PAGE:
The small image of the Virgin of the Thirty Three is a wood carving originating in the missions that the Jesuits had in Paraguay in mid eighteenth century. The image was made in one of the Guarani workshops that flourished in these famous missions.
Around 1779 the image was placed in the chapel that the Jesuits looked after in the village of Pintado and later, when the entire village moved to what is now the city of Florida, the residents took with them the beloved image before which their ancestors had prayed.
On April 19, 1825, thirty-three orientals, Uruguayan patriots, landed on the beaches of the Agraciada to commence the liberation of their country. When they reached Florida, they went to the small church and placed the future of the new nation at the feet of the Virgin. National Independence is proclaimed on August 25, and the members of the Constitutional Court having signed the Act of Independence, presented themselves again before the image and placed their nascent country under her protection.
The Virgin of the Thirty Three is thirty-six centimeters high. It is a baroque carving of the Assumption of the Virgin, whose cloak and robes seem to move becasue of their many pleats.
Since 1857, "The Liberator of Uruguay" has a gold crown with precious stones, a gift of the second leader of the Thirty Three, who later became president of the Republic. The disproportionate size of this crown - an extraordinary gold work - has become the distinctive feature of this Marian image.
The image was crowned canonically in 1961 by a concession of His Holiness John XXIII, who the following year proclaimed her officially "Patroness of Uruguay."
The solemnity of "Our Lady of the Thirty Three" is celebrated on the second Sunday of November with a pilgrimage to her shrine from every part of the nation.
When the Spaniards arrived at the region of Guanare, around 1591, a group of Indians of the Coromoto tribe decided to abandon their land and flee towards the Tucupido River, since they did not want to have anything to do with the white men or with the religion they brought with them. Fifty years later, still not having converted to the Gospel, the Indians live in a small village not far from the Spaniards' town. Both groups live in peace, but remain isolated from each other.
Such was the state of affiars when on a morning of the year 1651, the chief of the Coromotos and his wife watch an extraordinary vision: in the ravine of the Tucupido River, upon the waters, a beautiful lady is looking at them with a loving expression on her face; the small child she carries also smiles amiably. The mysterious lady summons the Indian chief and orders him: "Leave the forest with your people and go to the white men in order to receive the water on the head so as to be able to enter heaven."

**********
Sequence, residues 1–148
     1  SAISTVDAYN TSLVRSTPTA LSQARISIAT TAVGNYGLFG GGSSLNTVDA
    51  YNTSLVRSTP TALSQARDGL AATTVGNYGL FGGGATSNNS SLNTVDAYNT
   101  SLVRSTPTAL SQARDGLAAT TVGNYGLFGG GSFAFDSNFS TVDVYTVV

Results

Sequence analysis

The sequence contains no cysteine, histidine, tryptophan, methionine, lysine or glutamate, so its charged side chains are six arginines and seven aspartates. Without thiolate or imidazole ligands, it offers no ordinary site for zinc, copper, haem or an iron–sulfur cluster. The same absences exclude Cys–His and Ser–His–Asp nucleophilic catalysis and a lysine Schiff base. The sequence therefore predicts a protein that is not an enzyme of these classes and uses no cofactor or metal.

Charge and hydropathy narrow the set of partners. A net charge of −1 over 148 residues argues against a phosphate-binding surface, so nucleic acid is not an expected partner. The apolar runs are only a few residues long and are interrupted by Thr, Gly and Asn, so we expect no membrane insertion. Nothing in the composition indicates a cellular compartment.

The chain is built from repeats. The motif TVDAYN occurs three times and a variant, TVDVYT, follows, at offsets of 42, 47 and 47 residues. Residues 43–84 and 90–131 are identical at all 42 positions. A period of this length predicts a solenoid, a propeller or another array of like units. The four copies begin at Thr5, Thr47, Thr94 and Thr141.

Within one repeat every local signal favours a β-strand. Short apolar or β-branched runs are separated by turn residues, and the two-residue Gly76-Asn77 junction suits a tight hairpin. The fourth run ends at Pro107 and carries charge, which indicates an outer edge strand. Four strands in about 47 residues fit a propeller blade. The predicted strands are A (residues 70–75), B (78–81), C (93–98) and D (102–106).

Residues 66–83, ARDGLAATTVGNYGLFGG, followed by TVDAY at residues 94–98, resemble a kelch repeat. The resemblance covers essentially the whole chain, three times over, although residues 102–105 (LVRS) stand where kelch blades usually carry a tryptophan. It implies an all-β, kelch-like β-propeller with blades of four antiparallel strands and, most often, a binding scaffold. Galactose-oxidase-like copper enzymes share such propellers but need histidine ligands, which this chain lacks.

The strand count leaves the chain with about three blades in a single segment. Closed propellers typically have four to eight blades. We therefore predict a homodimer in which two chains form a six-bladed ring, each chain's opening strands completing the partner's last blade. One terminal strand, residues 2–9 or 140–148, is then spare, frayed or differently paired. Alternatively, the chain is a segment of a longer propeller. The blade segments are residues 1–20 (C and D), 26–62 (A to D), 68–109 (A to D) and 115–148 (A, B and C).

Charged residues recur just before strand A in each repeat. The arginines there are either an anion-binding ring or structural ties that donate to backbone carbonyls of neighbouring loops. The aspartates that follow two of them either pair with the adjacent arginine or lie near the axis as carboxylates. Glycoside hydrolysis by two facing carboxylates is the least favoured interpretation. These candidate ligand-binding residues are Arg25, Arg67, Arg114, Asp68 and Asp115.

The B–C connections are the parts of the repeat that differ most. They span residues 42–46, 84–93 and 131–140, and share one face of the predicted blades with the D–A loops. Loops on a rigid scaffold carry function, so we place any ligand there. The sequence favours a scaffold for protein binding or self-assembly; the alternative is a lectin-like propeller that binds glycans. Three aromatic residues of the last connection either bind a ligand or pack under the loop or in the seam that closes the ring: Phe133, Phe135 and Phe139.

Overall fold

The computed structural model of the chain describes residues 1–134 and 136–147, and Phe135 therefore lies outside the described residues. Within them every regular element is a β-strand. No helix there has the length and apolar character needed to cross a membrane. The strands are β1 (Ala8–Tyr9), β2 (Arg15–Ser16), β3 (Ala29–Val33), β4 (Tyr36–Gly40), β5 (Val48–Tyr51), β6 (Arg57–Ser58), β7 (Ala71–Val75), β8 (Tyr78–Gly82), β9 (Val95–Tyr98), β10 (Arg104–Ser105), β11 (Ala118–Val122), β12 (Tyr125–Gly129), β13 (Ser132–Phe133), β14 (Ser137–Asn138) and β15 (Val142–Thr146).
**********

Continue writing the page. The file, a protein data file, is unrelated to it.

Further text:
Impressed by what he has seen and heard, the chief decides to obey the beautiful lady and leaves with his tribe to be schooled in the Christian religion.
But the Indian, used to the freedom of the forests, cannot become accustomed to the new way of life and he returns to his village with his family. The lady appears again, this time at the Indian's humble hut. Although the Virgin presents herself surrounded by a luminous aura whose rays fill the hut with fire, she does not succeed in moving the chief, who, annoyed, tries to throw her out and even takes his weapons in hand with the intention of threatening the inopportune lady. Smiling all the way, the Virgin approaches the chief gently and when he stretches out his hand angrily to catch her, she disappears before his eyes. A small holy card, where the image of the Lady was printed, was left in the Coromoto Indian's closed fist.
The Virgin of Coromoto is a tiny relic that measures twenty-seven milimeters high and twenty-two wide. The holy card's material could be parchment or tissue paper. The Virgin is painted seated, and on her lap sits the Child Jesus. It seems to have been drawn with a fine pen, sketched as a portrait done in India ink with dots and dashes. The Virgin and Child are looking straight ahead; their heads erect with royal crowns upon them. The back of the throne which supports them has two columns joined together by an arch. The Virgin's shoulders are covered by a crimson cloak with dark purple reflections, and a white veil falls symmetrically over her hair. She wears a straw colored tunic and the Child a white one.
The image is kept inside a richly adorned monstrance where it is presented for the veneration of the faithful.
At the request of the nation's bishops, on October 7, 1944 Pius XII declared her "Patroness of the Republic of Venezuela" and her canonical coronation was celebrated on the third centenary of her apparition, on September 11, 1952. His Eminence Cardinal Manuel Arteaga Betancourt, Archbishop of Havana, representing Pope Pius XII, crowned the sacred image of Our Lady of Coromoto.
The Venezuelans celebrate their patroness each year on three different occasions: on February 2 and September 8 and 11.
The National Sanctuary of the Virgin of Coromoto, meeting place of great pilgrimages, was declared a Basilica by Pope Pius XII on May 24, 1949.
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